"We had three long lines of our fighters. Odhiambo blew a whistle and we scattered. We surrounded the camp and the detach and started fighting and lighting things on fire. Out of the 340 people we had, 100 had guns, we had bombs, we had J2s, AK-47s in plenty, and the other 240 fighters left had clubs and sticks. But most of them were ululating and boosting morale, saying, “We have to capture them alive!" 

Barlonyo camp was home to about 5000 internally displaced persons, and quite a number of them died or were maimed beyond belief on that wretched, cursed day. Some were shot, many were clubbed to death and a great majority were herded into huts, locked inside and incinerated beyond recognition.

The government had put in place security measures consisting of local militia (the 'Amukas') and other Local Defence Units, but these forces had no radio communication with the Ugandan military, and it would be three hours before the Uganda People's Defence Forces responded. By then, Odhiambo and his forces had butchered over 300 people, and the camp was a grisly necropolis.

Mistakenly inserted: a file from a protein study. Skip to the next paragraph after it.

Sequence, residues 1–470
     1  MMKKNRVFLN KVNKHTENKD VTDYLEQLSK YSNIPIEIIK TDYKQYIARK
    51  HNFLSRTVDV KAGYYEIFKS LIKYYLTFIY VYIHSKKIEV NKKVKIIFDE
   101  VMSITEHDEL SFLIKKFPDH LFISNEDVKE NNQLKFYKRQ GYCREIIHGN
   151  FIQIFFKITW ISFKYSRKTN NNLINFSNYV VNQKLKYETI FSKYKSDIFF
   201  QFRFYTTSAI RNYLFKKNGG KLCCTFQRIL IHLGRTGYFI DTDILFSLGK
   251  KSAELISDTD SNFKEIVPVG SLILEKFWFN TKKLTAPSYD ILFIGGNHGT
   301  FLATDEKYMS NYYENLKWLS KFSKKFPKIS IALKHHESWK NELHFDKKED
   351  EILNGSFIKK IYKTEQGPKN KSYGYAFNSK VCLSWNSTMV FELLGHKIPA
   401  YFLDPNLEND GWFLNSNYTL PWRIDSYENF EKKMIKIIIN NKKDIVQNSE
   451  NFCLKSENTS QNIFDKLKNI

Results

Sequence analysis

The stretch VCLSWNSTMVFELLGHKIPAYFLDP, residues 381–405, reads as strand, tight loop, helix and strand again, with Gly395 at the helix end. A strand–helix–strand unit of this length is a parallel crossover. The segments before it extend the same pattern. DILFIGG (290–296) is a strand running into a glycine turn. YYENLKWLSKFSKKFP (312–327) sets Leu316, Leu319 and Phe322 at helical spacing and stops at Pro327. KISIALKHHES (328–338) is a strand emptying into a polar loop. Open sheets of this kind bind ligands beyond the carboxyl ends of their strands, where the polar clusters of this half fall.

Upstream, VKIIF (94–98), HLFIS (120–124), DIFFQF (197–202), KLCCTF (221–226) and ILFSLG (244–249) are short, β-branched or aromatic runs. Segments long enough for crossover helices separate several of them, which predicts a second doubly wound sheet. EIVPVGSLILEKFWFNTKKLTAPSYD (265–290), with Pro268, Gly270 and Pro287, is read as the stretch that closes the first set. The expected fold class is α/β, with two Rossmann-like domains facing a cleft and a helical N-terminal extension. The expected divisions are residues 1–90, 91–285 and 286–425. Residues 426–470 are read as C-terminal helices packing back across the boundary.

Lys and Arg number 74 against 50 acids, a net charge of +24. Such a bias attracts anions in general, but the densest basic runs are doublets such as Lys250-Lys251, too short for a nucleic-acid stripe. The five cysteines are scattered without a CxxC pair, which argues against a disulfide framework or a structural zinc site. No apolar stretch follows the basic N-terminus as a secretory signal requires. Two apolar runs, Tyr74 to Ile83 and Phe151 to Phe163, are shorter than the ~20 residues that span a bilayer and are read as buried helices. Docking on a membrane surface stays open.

Eighteen months after the massacre at Barlonyo, the ICC issued indictments against the top leadership quartet of the LRA, Joseph Kony, Vincent Otti, Dominic Ong'wen and Odhiambo. Of the four, Otti has since died, while Kony, Ong'wen and Odhiambo remain at large.

The ICC indictments came during a period when the Ugandan government had applied relentless pressure on the LRA, and indications were that this pressure, coupled with internal disharmony within the LRA, (Otti was actually executed by the LRA on Kony's direct orders following a disagreement), had severely weakened the rebel outfit.

This weakening of the LRA brought about a semblance of peace to Northern Uganda, but Kony never renounced violence. Taking his band of fighters with him, he pushed West into the Democratic Republic of Congo, spreading all the way to the Central African Republic. In the meantime, his blood-lust continued and his rebels kept committing atrocities against populations they crossed, most notably the Christmas Day Massacre in the Haut-Ulele District of the Democratic Republic of Congo on 25th December 2008.